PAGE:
ph14 wrote:Gettingstarted1928 wrote:ph14 wrote:Gettingstarted1928 wrote:So then maybe you can answer a quick question for me. When determining duty, does B v. PL pretty much only apply to cases that are business related? If yes, do we automatically then look if the harm was foreseeable to determine duty?
For example, if I was mowing my lawn w/o a blade guard and a child was blinded when he got hit by debris that hit the blade, couldn't B v. PL technically apply?
B = Burden for me to go to hardware store and buy a guard.
P = Probability of person getting getting hit by debris
L = Extent of injury (i.e., blindness)
OR would you simply assess whether the incident was foreseeable.
B<PL is used to determine the reasonable standard of care (ie, the "breach" element of negligence). It is a persuasive but not dispositive guide to determining whether a person behaved reasonably. It does not just apply to business related cases, but has been applied in a wide variety of negligence cases.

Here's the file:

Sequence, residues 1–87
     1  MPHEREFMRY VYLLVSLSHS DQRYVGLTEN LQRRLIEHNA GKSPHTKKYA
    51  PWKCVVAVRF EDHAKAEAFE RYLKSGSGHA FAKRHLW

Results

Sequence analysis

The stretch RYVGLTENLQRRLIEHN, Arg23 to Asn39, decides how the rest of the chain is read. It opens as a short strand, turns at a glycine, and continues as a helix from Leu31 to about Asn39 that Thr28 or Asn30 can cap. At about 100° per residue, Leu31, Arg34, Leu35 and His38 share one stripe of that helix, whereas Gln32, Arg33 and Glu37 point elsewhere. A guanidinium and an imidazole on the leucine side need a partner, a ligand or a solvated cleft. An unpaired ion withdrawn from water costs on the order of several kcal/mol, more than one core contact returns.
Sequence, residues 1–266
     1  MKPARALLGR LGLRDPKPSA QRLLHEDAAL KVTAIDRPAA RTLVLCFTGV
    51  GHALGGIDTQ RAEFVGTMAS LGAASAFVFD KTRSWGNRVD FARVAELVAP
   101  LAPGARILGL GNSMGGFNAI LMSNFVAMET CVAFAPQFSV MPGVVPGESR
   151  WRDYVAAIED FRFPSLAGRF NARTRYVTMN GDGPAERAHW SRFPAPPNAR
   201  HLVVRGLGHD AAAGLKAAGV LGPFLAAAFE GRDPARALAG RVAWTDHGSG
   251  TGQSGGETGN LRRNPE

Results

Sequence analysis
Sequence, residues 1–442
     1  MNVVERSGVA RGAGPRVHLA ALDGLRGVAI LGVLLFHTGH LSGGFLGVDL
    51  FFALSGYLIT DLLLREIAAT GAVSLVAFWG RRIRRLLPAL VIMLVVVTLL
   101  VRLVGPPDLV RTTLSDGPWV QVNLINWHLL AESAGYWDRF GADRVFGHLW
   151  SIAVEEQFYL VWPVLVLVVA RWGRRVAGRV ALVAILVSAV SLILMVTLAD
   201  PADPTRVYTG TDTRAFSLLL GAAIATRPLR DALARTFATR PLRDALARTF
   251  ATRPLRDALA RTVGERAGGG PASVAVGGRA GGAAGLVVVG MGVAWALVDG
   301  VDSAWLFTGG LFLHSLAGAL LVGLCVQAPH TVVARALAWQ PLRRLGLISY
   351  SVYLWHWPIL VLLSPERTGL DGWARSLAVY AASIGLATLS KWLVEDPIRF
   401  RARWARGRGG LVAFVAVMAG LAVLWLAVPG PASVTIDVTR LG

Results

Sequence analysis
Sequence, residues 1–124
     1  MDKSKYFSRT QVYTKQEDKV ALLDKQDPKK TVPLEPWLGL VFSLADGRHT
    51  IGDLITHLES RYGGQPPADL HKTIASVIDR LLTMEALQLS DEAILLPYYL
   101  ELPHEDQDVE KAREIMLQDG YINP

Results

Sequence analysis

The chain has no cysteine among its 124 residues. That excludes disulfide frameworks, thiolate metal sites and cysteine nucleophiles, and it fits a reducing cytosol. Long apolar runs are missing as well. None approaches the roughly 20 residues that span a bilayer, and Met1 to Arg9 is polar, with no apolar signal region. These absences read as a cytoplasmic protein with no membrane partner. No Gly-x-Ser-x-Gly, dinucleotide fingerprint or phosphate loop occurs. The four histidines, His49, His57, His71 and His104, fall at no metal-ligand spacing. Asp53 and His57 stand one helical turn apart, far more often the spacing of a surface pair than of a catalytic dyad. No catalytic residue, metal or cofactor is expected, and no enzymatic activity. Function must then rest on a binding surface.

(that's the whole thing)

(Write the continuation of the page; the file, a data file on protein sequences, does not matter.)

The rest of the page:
Duty is a bit more complicated and fact specific. You have a duty to behave reasonably when you act. Here you could use B<PL I suppose, but this seems like a situation where you could almost apply a negligent per se type standard to it (although to be clear, there is probably no law or regulation governing operating lawnmowers so probably not negligence per se). If you don't operate the machinery properly-- as the manufacturer suggests-- then you are pretty much not exercising reasonable care.
It seems like there are three ways to show breach (this is assuming it is a general negligence case that doesn't involve possessors of land, negligence per se, etc.).
1. B v. PL
2. Rick/utility (similar to B v. PL)
Is this right?
Well, B<PL is the big one. Reasonableness is often times a question of fact for the jury, and it's hard to express it in a mathematical formula (although Judge Hand certainly tried). There are lots of little things that go into the calculus, such as physical standard, mental standard, context, dangerous instrumentality?, etc. Foreseeability goes more to duty or proximate cause.
Especially if you fall on the foreseeable plaintiff, foreseeable consequences side of the Palsgraf fence. I've gathered that pretty much anytime there's a super contested breach issue, the jury will be deliberating the reasonableness of D's actions.